food = input('What would you like for breakfast? ')
    if input.lower() == 'spam':
        break
print(f'Okay, {food} for breakfast.')
The key part here is the break statement. The break statement exits the loop and goes to the end of the indented code. It doesn't matter what the loop statement is, it stops executing the loop statement and moves on. This is handy for verifying input, like the above code does. If we had to use the condition in the while statement to end this loop, it would look like this:

food = input('What would you like for breakfast? ')
while food.lower() != 'spam':
    food = input('What would you like for breakfast? ')
print(f'Okay, {food} for breakfast.')
[python]

Now, you might think this is actually better. It is one line less of code. However, you now have a repeated line of code. That's generally a bad idea. The problem comes when you have to do any processing on the input before validating it. If you do, then you have to repeat all of that processing twice (once before the loop and once in the loop). So [inline]while True:[/inline] can be a useful construct. There can be a problem, however. Say we don't think things through correctly, and our while loop looks like this:

[python]
while True:
    food = input('What would you like for breakfast? ')
    if input.lower() == 'spam':
        print(f'Okay, {food} for breakfast.')
Notice that we left out the break statement. Now the loop never stops asking the question, even if you enter exactly the right answer. The condition is always True, so the indented code always executes. This is called an "infinite loop," and it is the bane of programmers in any language (although we used to have fun messing up the computer lab with them in middle school). It is for this reason that some programmers say you should never use while True:. I disagree with that. Let's go back to our Collatz loop, but let's say we want to try a variation on the Collatz Conjecture:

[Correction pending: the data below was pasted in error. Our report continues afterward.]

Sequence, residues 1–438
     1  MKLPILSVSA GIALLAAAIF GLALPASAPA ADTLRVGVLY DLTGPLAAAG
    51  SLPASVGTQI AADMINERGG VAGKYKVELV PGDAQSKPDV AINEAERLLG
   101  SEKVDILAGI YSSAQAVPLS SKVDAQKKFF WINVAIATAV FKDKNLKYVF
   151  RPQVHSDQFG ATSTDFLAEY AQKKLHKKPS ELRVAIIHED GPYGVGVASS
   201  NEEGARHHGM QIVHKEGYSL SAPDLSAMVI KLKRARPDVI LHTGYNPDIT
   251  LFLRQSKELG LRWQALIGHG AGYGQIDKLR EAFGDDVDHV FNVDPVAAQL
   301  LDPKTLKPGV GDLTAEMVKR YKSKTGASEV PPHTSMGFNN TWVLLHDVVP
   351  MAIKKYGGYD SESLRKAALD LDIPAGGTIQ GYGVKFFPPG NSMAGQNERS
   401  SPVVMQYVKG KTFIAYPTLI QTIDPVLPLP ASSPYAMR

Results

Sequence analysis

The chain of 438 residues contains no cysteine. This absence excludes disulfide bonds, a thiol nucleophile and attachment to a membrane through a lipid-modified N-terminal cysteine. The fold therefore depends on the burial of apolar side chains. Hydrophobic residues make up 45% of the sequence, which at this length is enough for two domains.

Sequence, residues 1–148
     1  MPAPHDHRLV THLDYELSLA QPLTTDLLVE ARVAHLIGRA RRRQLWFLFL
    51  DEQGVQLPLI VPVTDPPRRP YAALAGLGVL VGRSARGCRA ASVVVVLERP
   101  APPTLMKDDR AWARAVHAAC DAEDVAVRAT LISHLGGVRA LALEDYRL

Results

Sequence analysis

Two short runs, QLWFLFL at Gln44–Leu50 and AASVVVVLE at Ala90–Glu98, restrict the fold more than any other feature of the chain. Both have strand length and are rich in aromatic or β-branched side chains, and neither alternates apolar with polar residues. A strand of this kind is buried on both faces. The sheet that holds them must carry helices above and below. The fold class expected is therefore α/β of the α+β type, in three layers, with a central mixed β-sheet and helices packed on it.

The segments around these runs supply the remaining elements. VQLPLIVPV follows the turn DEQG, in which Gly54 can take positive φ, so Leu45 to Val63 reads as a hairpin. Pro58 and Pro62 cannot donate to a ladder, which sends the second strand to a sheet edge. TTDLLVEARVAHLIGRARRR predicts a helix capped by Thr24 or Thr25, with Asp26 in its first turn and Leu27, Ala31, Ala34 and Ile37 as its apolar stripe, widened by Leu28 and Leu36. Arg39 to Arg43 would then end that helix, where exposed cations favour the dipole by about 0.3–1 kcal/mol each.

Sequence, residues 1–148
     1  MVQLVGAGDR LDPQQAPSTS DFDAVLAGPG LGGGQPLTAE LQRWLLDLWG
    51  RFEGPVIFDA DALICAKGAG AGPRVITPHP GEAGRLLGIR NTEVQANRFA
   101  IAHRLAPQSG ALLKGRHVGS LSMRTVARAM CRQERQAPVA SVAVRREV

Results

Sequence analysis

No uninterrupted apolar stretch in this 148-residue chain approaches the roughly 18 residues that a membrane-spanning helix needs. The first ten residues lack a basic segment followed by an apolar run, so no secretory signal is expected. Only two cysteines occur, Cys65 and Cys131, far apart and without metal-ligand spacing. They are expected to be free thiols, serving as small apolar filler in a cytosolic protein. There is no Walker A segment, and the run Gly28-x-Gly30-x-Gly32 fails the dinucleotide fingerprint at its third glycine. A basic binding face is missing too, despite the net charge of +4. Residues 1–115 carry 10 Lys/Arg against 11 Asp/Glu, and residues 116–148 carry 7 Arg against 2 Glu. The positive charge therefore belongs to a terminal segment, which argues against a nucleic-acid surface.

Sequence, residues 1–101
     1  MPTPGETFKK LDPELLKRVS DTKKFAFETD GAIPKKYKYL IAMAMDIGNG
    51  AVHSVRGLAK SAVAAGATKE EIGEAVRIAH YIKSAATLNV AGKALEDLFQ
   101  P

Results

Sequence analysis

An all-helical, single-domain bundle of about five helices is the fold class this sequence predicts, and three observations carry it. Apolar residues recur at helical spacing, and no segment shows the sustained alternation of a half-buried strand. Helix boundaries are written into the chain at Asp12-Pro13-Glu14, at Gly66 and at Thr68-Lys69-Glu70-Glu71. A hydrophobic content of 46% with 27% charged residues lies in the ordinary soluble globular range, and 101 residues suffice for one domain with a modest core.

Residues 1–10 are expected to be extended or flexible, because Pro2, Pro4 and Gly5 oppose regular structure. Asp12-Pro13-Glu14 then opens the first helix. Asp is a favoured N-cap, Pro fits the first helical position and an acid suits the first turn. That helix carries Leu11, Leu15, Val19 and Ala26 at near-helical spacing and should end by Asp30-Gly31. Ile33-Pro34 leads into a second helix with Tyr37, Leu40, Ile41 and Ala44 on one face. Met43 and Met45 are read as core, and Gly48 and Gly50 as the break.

n = 9
while n != 1:
    print(n)
    if n % 2:
        n = 2 * n + 1
    else:
        n = n // 2
print(n)
The problem here is that 2n+1 is always odd. So if we start with an odd number, or divide to one, the code will go into an infinite loop making larger and larger odd numbers. Indeed, that will happen with any starting number except a power of two. So even a while loop with a real condition can become an infinite loop if we're not careful. So always be sure to check your while loops to make sure the condition can be met, or a break statement can be executed.
Craig "Ichabod" O'Brien - xenomind.com
I wish you happiness.
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Loop Details - by ichabod801 - Sep-13-2019, 06:41 PM
RE: Loop Details - by ichabod801 - Sep-13-2019, 06:42 PM
RE: Loop Details - by ichabod801 - Sep-13-2019, 06:43 PM
RE: Loop Details - by ichabod801 - Sep-13-2019, 06:44 PM
RE: Loop Details - by ichabod801 - Sep-13-2019, 06:47 PM
RE: Loop Details - by ichabod801 - Sep-13-2019, 06:49 PM